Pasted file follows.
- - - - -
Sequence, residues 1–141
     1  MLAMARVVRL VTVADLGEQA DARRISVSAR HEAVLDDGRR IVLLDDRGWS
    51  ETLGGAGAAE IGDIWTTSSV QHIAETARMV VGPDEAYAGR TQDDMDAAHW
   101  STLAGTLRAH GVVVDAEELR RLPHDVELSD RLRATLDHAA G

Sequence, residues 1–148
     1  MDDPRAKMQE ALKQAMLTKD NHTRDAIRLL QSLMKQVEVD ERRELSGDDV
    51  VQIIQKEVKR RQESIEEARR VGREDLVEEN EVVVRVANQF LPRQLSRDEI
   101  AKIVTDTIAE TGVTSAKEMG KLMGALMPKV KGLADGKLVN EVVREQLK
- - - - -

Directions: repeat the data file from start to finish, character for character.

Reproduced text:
Sequence, residues 1–141
     1  MLAMARVVRL VTVADLGEQA DARRISVSAR HEAVLDDGRR IVLLDDRGWS
    51  ETLGGAGAAE IGDIWTTSSV QHIAETARMV VGPDEAYAGR TQDDMDAAHW
   101  STLAGTLRAH GVVVDAEELR RLPHDVELSD RLRATLDHAA G

Sequence, residues 1–148
     1  MDDPRAKMQE ALKQAMLTKD NHTRDAIRLL QSLMKQVEVD ERRELSGDDV
    51  VQIIQKEVKR RQESIEEARR VGREDLVEEN EVVVRVANQF LPRQLSRDEI
   101  AKIVTDTIAE TGVTSAKEMG KLMGALMPKV KGLADGKLVN EVVREQLK